If the “supposedly hardheaded” troika officials had been truly realistic, Krugman pointed out, they “would have acknowledged that they were demanding the impossible.” Once Syriza and Tsipras won at the ballot box, Krugman advised European officials “to skip the lectures calling on him to act responsibly” and to support Syriza’s program. In fact, Krugman worried that the Syriza plan might not be “radical enough. Debt relief and an easing of austerity would reduce the economic pain, but it is doubtful whether they are sufficient to produce a strong recovery.” In calling for major changes, Tsipras “is being far more realistic than officials who want the beatings to continue until morale improves. The rest of Europe should give him a chance to end his country’s nightare,” Krugman concluded. (Paul Krugman, “Ending Greece’s Nightmare,” New York Times, Jan. 26, 2015.)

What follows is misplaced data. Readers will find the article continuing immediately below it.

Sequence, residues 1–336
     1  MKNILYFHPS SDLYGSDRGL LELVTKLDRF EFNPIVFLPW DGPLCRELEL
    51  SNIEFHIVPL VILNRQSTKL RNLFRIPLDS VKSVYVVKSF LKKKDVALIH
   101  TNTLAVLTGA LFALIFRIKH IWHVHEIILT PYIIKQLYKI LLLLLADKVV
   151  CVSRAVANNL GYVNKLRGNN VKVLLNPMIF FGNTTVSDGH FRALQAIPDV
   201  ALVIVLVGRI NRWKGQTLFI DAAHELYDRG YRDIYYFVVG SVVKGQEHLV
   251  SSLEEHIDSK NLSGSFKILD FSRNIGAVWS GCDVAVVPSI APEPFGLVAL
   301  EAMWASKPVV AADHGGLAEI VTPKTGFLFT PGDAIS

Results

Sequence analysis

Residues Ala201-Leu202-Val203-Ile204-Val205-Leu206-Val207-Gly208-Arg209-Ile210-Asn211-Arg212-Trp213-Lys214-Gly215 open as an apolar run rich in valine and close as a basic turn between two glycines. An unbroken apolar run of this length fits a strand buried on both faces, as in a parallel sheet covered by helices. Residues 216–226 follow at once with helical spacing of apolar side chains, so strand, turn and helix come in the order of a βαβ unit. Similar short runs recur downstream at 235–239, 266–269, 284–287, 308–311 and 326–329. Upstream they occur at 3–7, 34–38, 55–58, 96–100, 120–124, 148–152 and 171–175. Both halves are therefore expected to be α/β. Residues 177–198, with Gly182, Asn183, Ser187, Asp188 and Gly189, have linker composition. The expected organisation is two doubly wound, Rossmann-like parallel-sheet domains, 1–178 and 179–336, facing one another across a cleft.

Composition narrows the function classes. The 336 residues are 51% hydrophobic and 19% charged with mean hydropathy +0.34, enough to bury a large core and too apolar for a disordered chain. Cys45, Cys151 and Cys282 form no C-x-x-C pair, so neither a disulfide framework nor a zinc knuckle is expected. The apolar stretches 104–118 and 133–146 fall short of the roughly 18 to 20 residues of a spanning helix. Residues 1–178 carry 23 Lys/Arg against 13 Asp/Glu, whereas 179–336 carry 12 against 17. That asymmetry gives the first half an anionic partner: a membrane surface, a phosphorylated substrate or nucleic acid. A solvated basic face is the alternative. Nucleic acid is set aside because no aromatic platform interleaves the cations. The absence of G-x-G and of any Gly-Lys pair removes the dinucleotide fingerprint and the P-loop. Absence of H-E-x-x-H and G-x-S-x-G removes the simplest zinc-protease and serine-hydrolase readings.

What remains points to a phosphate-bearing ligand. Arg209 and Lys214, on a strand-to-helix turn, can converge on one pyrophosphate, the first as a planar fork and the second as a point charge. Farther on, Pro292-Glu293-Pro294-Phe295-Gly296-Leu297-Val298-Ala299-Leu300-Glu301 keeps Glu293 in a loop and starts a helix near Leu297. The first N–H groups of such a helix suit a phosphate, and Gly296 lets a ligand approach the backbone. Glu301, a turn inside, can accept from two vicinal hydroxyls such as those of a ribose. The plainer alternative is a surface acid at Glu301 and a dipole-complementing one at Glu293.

German Finance Minister Wolfgang Shaeuble.

German Finance Minister Wolfgang Schaeuble.

Instead of following Krugman’s sensible advice, European officials doubled down on the lectures to “act responsibly” as the Greek prime minister and his finance minister went on a tour of European capitals throughout the month of February, seeking support for an end to austerity. Although various European heads of government mumbled occasional sympathetic homilies, the main message was, Beware of Greeks bearing debts. The coldest shoulder came from German finance minister Wolfgang Schaeuble, one of the strongest supporters if not the architect of the austerity program, and the representative of the EU’s most powerful economy, and most prominent political leader, Chancellor Angela Merkel. When Greece’s Varoufakis visited Schaeuble, the reception was positively frosty.

In mid-February, as Syriza representatives continued to traipse through the EU labyrinth of institutions and offices, my favourite American economist weighed in once more, warning about a potential “Weimar” on the Aegean, and reminding Europeans of a post-World War I reparations program against Germany that contributed not a little to the rise of Hitler and Nazism.